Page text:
1,000 Times Good Night

Vaughan Smith filmed the documentary Shooting Robert King (2009) himself, during which he follows war photography colleague Robert King through three war zones  – Bosnia in 1993, Chechnya in 1997 and Iraq in 2007. Initially, in Bosnia, King expresses naivety: «What am I really doing here?» Then, in Chechnya he appears high on the terrors, sex and excitement of war, but after a while returns home suffering post traumatic disorder. He starts a family, and after Iraq, opts to stay home. Similarly to Poppe and Smith (who has five children).

The value of the image. What do you do at home? Ten years ago, Smith founded London’s Frontline Club, which weekly reports on events and problems on the front line via documentaries, books and debates. He also teaches unschooled reporters and photographers in the type of precautions needed prior to setting off for conflict areas. But, is it worth it, to expose oneself and others by photographing in the vicinity of death? In the film, we hear Rebecca’s daughter, after her mother just about survived capturing a Kabul suicide bomber on film: “Was it worth it – the picture?”

“The weight of the words, the shock of the images” goes an old Paris Match slogan.

In a world boasting an annual 10,500 billion weapons market, of which 450 billion is used for corruption and bribes alone, it is naive to believe that an image will change anything. Pointing out a hell is not the same as rescuing someone from it, or a recipe on how to limit the horrors of war. To show misery could just as all much fuel today’s global security industry which is supposed to keep ‘the others’ away from us. However, there is always hope: The example from 1,000 times good night depicts a refugee camp, where a local militia is wreaking havoc, but thanks to Rebecca’s heroic pictures published in international media, the site receives military protection.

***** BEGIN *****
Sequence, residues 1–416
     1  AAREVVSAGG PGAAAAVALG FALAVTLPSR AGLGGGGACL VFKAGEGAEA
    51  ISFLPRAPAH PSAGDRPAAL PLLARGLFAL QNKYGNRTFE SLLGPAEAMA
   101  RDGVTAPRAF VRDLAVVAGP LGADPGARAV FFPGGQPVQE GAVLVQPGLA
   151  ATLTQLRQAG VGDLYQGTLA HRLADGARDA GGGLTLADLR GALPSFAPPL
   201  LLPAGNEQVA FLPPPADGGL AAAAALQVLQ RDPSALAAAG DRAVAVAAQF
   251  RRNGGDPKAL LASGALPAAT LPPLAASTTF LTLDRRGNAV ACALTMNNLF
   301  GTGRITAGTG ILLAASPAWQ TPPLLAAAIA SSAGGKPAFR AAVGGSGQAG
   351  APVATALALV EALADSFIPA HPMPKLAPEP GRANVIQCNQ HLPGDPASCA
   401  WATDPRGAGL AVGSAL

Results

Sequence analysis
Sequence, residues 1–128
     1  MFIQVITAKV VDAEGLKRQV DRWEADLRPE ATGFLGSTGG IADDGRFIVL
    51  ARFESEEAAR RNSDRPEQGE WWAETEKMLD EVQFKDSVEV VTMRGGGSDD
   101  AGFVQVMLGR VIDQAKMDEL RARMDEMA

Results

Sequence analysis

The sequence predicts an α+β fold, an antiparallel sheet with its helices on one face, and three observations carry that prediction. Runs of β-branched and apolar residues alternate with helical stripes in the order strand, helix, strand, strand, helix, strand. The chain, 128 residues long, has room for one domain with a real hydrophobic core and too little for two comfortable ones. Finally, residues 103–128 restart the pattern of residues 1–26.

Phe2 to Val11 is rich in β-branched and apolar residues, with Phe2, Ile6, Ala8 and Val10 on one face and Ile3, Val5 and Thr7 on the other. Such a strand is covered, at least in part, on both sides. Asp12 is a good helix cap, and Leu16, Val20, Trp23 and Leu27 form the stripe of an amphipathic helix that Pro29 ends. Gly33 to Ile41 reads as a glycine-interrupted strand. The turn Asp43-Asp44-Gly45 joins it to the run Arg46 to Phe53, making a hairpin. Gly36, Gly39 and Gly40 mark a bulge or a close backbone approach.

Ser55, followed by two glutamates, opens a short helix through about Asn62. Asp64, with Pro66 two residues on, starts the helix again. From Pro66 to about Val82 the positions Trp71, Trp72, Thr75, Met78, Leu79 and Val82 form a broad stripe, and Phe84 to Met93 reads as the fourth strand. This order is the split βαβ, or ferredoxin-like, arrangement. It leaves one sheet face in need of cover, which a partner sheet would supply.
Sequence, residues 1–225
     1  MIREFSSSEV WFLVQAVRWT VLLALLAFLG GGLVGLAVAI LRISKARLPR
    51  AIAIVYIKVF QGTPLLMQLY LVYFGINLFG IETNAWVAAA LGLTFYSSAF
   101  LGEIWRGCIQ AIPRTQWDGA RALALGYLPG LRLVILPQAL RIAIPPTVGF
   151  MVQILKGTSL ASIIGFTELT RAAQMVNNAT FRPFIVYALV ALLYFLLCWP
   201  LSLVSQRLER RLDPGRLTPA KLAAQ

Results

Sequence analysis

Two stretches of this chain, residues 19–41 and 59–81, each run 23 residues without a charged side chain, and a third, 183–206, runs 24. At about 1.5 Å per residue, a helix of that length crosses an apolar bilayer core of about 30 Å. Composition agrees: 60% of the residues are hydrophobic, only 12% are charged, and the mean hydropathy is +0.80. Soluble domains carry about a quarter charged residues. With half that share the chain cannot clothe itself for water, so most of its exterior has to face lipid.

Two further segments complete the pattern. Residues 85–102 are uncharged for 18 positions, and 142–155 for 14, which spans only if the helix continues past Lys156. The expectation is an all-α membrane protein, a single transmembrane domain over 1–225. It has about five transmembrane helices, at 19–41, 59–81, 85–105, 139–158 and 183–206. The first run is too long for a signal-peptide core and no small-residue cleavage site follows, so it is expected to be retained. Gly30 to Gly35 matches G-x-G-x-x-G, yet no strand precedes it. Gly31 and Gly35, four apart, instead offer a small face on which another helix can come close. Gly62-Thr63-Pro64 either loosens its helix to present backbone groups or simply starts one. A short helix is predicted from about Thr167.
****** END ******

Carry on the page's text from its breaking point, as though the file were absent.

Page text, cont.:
A Nikon-wielding Ninja. War photographer as profession is very alfa male – some of the most famous include James Nachtwey, Alex Majoli and Sebastião Salgado. Despite this, Poppe opts for a women in his film. Another well-known female war photographer was France’s Alexandra Boulat, who did not live beyond Rebecca’s age in the film. For 18 years, her images appeared on the pages of Paris Match, Time Magazine and The Guardian. She started her career as war photographer documenting the Balkans war in 1989, for Sipa Press. Later, she detailed brutal scenes in Rwanda, Afghanistan, Israel-Palestine and Lebanon. The female many claimed lived on nicotin and adrenalin, crawled the tunnels of Gaza, trailed the Taliban in Afghanistan, and documented Bagdad immediately before its 2003 invasion. However, as she explained to her The Guardian colleague Jan McGirk, her journeys into hell were not motivated by international awards. She wanted to show human bravery and folly. Boulat focused on civilians, not the weapon-clad fighters threatening them. She was less interested in portraying the bloodied moments than the consequences of war and bloodthirst. In Afghanistan, she was called “a Nikon-wielding Ninja»; the way she melted into the war backdrop. Clearly unafraid of dangers. She also trained and seduced photography students at Smith’s Frontline Club in London, with her pictures. In addition, Boulat experimented with transmitting sound from Israel’s numerous checkpoints, and by video recording Palestinian rappers from the West Bank. Unlike Rebecca in the film, she did not have a husband and children pulling her back towards safety. Her last few years were spent in Ramallah together with Palestinian film maker Issa Freij. Bullets did not get her, instead she died in 2007 from acute cerebral haemorrhage. She managed to get to a hospital, but died during a coma aged 45. Will Freij’s next film be a portrayal of a female war photographer which intimately follows the tireless work of this dedicated woman? Akin to a modern version of Christian Frei’s award-winning documentary on James Nachtwey, War Photographer (2001)?

Reporting drones. Many war reporters perish in the line of duty. However, in the future, they may not have to get so close to the war zones. The Frontline Club offers a seminar entitled “Drone Journalism, The Future of News Gathering?” – indicating that drone reporting is the latest trend. Drones are today produced in 75 countries. At a safe distance, it is possible to navigate small drones to ‘shoot’ the violence. The idea of tiny drones buzzing about was already introduced in 1957, in Ernst Jünger’s sci fi book The Glass Bees.

“The weight of the words, the shock of the images” goes an old Paris Match slogan. Wherefrom is this fascination with war, why are we attracted to images of death and mutilation? “The desire for images of bodies in pain seems to be as great as the desire for pictures of nude bodies,” writes Susan Sontag in Regarding the Pain of Others. Since its inception in 1839, the camera has been intimate with death. The interest in images – that a picture is worth a thousand words – seems to be more evocative than a thousand times good night.